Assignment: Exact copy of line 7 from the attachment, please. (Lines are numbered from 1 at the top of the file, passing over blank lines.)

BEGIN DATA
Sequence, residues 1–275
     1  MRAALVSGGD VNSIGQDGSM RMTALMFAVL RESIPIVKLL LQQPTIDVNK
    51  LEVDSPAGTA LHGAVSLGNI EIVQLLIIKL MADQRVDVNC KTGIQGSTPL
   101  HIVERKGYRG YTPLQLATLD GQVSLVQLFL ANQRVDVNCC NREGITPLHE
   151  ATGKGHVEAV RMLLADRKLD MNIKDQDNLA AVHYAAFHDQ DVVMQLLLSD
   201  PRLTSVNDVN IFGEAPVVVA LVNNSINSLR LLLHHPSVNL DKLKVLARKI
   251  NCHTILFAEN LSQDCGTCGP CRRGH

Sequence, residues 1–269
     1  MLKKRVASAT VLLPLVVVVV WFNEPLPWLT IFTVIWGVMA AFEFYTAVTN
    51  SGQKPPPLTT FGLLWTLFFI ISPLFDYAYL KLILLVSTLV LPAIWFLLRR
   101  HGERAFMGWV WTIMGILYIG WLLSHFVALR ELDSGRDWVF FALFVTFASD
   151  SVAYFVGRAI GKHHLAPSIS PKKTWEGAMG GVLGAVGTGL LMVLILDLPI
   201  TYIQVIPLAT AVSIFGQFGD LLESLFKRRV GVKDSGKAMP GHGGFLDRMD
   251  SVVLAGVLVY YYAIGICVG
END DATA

   251  NCHTILFAEN LSQDCGTCGP CRRGH